Evernote to Hold Off on IPO Until 2015 at the Earliest

Photographer: Haruyoshi Yamaguchi/Bloomberg

Evernote Corp. Chief Executive Officer Phil Libin wants to “stay private as long as we can.” Close

Evernote Corp. Chief Executive Officer Phil Libin wants to “stay private as long as we can.”

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Photographer: Haruyoshi Yamaguchi/Bloomberg

Evernote Corp. Chief Executive Officer Phil Libin wants to “stay private as long as we can.”

Evernote Corp., an online note- taking and document storage service, plans to hold off on an initial public offering until at least 2015 as it works to convert users of its free product into paid subscribers.

Watching Facebook Inc. (FB) lose roughly half its value since an IPO in May has made Evernote Chief Executive Officer Phil Libin want to “stay private as long as we can.” While Evernote’s membership has more than tripled to 38 million over the past year, only about 1.5 million are subscribers paying $5 a month, or $45 a year, Libin said in an interview.

Facebook “reinforces the approach of IPO slowly,” Libin said. “The best time to IPO is when the market is kind of boring.”

In the wake of Facebook’s troubled IPO and concerns over its ability to make money from its 955 million users, Evernote joins Internet startups including Airbnb Inc., LegalZoom.com Inc. (LGZ) and MobiTV Inc. in delaying planned public debuts. After a $70 million funding round in May gave Redwood City, California- based Evernote a $1 billion valuation, Libin said he doesn’t need to rush to the public markets. Waiting longer before an IPO “is the best thing for the company,” he said. “This is the time where we get to have fun and take risks.”

Evernote, like Dropbox Inc. and Box Inc., lets users store their notes, documents, images and other content in the cloud. That means the information is kept in remote data centers, accessible from any Web-connected device. The companies make money by using a so-called freemium model, offering a free version of their products that can be upgraded to a paid membership with more perks.

Corporate Services

Technology companies focused on corporate services have fared better in recent IPOs, encouraging Libin to expand beyond his company’s consumer roots to offer more options for businesses. Evernote is introducing a $10 monthly subscription service for small businesses to collaborate on projects and compare notes, Libin said today during a presentation at the Evernote Trunk Conference in San Francisco.

The company’s most popular products include its flagship Evernote program for storing and organizing information, the Evernote Food mobile app for snapping pictures of meals, the Skitch app which takes screenshots an lets users add annotation, and a handwriting app for Apple Inc.’s iPad called Penultimate.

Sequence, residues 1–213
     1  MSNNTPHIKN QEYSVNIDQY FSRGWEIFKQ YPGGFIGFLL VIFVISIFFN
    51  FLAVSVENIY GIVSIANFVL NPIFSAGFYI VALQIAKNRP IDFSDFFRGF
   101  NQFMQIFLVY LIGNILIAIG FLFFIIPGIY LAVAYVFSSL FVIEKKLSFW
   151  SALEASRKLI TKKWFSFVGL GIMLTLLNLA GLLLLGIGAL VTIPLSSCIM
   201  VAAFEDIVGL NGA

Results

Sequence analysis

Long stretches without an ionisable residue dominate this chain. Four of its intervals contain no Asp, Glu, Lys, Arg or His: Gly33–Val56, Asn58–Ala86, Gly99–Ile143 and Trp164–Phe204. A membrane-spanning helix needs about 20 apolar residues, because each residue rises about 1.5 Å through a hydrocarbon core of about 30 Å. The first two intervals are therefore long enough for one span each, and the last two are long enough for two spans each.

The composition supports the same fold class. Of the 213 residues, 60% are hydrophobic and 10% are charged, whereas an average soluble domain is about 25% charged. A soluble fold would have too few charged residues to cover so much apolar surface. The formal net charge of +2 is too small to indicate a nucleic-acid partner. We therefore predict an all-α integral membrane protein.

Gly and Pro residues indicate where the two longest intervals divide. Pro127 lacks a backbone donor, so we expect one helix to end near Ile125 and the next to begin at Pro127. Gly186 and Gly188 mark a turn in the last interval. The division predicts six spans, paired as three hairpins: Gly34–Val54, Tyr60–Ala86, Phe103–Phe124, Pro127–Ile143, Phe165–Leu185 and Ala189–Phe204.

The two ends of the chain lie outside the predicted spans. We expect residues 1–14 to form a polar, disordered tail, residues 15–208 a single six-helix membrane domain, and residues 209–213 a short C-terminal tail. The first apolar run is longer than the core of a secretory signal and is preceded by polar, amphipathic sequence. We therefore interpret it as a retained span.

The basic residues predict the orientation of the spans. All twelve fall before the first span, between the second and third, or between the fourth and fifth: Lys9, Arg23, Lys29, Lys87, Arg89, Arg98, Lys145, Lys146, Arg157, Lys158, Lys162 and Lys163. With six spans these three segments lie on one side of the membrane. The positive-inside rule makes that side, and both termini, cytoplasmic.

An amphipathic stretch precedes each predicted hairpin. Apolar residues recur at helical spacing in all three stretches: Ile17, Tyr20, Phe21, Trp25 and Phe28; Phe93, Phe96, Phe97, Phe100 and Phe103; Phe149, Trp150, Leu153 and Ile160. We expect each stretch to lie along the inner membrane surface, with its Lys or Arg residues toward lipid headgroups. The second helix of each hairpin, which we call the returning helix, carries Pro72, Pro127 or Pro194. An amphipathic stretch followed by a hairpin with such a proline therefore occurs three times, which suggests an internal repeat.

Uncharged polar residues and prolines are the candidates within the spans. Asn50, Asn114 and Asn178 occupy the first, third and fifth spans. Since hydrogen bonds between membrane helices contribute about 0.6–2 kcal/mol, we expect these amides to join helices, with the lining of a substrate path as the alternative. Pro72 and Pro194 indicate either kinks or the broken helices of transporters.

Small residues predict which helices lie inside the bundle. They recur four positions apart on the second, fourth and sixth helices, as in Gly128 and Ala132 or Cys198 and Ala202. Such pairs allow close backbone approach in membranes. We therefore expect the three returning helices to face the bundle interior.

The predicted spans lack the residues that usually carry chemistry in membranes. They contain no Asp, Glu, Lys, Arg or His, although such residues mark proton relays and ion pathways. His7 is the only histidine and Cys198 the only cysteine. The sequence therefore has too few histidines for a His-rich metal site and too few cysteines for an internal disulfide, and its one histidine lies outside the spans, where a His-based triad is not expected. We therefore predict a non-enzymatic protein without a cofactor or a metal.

Moleskine Partnership

Moleskine Srl, a maker of paper notebooks popular with designers, will include stickers with some products that Evernote users can afix to pages to help digitally organize snapshots taken of images in the book, the companies said today. Evernote’s current software enables users to take pictures and store the images. The sticker will work with new software to let users automatically sort the pictures, Moleskine CEO Arrigo Berni said at the conference.

Libin also unveiled redesigns for the main Evernote applications, designed to make the layout more efficient, that he said will be released in the next few months.

Evernote’s 230 employees moved to a 87,774-square-foot office building off Highway 101 in Redwood City in June. Libin named each conference room after video games, organized alphabetically by floor. It has offices in cities including Beijing, Tokyo, Taipei and Austin, Texas.

About 30 percent of Evernote’s users are from the U.S, followed by the Japan at 20 percent, Libin said. After releasing a version for China earlier this year, Evernote has been adding 60,000 to 70,000 users per day there, the second-highest grower after the U.S., he said. Revenue from Chinese users is low, he said.

“We went into China knowing it was going to be 10 years before we figure things out,” Libin said. “We know that we don’t know what we’re doing in China. So we’re going on an adventure.”

To contact the reporter on this story: Mark Milian in San Francisco at mmilian@bloomberg.net

To contact the editor responsible for this story: Tom Giles at tgiles5@bloomberg.net

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